The peer leaders had been trained as facilitators in a four-hour workshop held by Hommocks Principal Dr. Seth Weitzman, Dr. Mazzone and Assistant Principal Edgar McIntosh. The eighth graders are now visiting sixth grade classrooms once a month. The training involved sessions on disabilities led by Dr. Mazzone (prior to Mr. McKay’s visit), conflict resolution skills led by Mr. McIntosh and bullying awareness and prevention led by Dr. Weitzman. Classroom sessions will alternate around these three topics for the year.
“It’s very effective because the sixth graders really look up to the eighth graders,” Dr. Weitzman said. “Bullying sometimes is considered a normal component of adolescence, but at Hommocks we make sure to establish a culture in which students know that it’s not tolerated in any way.”
Mr. McKay said he was painfully aware of his disability growing up: he had to learn how to get himself up off the floor if he fell down when no one was there to help; he was constantly visiting doctors, and they routinely had to wrap his whole body in plaster to create a mold for his brace, which needed to be replaced every time he grew the slightest bit.
Nevertheless, Mr. McKay felt he was the same as everyone else. He enjoyed skateboarding, baseball and skiing, among other things, and hanging out with the boys after school on the playground. The Hommocks students laughed when he said he didn’t worry about coming to school in his wheelchair, but rather because he felt his nose was too large for his face.
Hommocks sixth grader Alex Corbin said the assembly had a huge impact on her. She believes students benefited from realizing it’s OK to be different and that “nobody should make fun of you because of your differences.”
She added, “It was so great that he took the time to come to our school to tell us his story. It probably wasn’t easy for him. I took it very deep. It was interesting to hear what it would be like to come from where he came from. It made my friends and me feel thankful.”
Being in a wheelchair has become so natural for Mr. McKay that he sometimes forgets he’s in one until he’s wheeling around Larchmont and sees his reflection in a store window. It’s only then that his “double” comes alive.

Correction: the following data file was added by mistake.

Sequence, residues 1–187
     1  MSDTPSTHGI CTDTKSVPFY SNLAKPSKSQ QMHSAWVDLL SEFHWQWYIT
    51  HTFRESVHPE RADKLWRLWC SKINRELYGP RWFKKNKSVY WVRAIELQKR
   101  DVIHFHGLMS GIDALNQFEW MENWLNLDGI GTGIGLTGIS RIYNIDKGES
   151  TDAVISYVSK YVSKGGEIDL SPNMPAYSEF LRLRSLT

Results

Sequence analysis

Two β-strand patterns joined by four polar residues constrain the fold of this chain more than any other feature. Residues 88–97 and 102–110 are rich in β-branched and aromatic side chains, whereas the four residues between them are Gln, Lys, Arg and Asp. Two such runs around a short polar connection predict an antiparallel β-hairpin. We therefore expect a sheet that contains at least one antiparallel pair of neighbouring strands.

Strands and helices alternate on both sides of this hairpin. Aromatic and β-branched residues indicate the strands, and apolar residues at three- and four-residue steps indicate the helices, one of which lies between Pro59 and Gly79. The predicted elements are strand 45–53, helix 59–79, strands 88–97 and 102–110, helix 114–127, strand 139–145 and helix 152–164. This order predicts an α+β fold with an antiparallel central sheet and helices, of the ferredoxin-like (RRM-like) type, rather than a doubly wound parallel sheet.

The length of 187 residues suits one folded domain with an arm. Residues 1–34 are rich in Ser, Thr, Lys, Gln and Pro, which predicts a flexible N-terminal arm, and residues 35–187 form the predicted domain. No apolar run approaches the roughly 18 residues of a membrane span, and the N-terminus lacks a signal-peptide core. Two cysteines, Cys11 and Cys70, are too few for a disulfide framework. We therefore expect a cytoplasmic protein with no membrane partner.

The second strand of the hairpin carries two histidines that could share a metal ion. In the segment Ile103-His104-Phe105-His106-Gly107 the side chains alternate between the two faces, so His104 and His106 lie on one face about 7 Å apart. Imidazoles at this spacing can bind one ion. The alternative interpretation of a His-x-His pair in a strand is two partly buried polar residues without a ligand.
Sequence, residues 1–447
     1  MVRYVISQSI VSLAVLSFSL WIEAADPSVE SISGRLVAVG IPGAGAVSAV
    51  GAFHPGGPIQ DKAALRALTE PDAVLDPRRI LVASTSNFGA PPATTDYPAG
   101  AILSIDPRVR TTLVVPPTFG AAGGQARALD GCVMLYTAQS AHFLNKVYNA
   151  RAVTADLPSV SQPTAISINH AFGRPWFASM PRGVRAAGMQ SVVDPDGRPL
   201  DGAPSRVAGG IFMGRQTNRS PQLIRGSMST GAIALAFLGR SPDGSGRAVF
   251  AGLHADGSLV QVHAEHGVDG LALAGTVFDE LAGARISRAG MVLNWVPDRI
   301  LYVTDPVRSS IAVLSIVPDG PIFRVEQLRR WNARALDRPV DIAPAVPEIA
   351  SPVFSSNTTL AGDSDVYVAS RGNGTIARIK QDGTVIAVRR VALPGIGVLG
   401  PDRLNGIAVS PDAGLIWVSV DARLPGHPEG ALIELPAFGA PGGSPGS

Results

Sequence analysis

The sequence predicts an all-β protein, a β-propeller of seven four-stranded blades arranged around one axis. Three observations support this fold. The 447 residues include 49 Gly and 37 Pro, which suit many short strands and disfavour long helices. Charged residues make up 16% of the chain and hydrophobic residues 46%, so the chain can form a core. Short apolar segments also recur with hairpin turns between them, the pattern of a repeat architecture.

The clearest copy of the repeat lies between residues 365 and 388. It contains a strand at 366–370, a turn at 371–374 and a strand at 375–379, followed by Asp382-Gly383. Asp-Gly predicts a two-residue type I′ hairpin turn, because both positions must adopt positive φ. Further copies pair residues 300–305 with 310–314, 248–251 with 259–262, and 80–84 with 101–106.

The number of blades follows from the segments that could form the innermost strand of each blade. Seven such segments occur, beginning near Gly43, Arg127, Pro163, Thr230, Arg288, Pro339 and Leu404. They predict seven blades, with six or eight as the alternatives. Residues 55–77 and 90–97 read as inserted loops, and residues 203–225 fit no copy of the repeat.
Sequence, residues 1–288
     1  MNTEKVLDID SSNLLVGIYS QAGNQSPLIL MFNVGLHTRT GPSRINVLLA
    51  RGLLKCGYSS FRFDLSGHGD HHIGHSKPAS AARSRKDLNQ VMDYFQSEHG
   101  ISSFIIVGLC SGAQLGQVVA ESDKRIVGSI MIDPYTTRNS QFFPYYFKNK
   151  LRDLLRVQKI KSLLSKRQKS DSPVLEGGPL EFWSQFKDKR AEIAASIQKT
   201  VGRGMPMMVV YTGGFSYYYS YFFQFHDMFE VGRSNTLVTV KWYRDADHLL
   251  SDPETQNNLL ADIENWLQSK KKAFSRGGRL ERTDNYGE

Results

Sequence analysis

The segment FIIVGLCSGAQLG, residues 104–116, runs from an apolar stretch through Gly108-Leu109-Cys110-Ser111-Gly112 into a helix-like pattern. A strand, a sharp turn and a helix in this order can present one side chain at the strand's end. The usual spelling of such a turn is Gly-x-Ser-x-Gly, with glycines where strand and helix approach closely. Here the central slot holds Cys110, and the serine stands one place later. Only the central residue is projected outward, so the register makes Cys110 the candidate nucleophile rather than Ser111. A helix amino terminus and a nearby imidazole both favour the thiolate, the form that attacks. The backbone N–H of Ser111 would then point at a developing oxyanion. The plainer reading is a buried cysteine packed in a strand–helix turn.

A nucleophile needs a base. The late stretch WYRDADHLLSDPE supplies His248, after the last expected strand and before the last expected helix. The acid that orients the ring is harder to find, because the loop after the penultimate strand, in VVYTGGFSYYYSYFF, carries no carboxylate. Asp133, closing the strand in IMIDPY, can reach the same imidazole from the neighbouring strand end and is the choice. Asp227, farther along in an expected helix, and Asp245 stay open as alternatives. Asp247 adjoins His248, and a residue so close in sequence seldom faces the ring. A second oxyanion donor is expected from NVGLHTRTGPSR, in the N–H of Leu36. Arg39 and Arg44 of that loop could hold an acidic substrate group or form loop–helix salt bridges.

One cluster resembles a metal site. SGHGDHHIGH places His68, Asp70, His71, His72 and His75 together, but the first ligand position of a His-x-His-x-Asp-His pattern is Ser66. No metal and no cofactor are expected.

“Because of my disability, I’m very visible,” Mr. McKay says. “So I’ve used that since I was very little to shine lights on things I believe in.”
Mr. McKay has been active in the community and has spoken in front of large groups since he was very young. At 20, he was the youngest person ever to be appointed to the Larchmont-Mamaroneck Human Rights Commission. He worked in the call room as a volunteer for the Larchmont Fire Department, has played piano at St. Augustine’s Church for more than a decade and performs throughout Larchmont.
“Music is how I express myself. I turn to it when I’m sad, angry, happy or scared.” Mr. McKay said.
No matter what he does, Mr. McKay does it with gusto.
Following the assembly, he joined classroom discussions, stayed for lunch in the cafeteria and was bombarded with questions from students wanting to talk with him in the Commons.
“My favorite questions usually are those that don’t have anything to do with my disability, ” he said. “Such as what’s your favorite TV show?, because then I know they’ve got it. They understand that in many ways we’re really not so different. It’s beautiful to see that they’ve moved on and aren’t just viewing me as the guy in the wheelchair,” he added.
“This time, after they asked me what the worst part of being in a wheelchair was, they asked me what I liked best about it. I told them, ’I always have a seat’. They got a kick out of that.”
Debbie Manetta is public information officer for the Mamaroneck School District.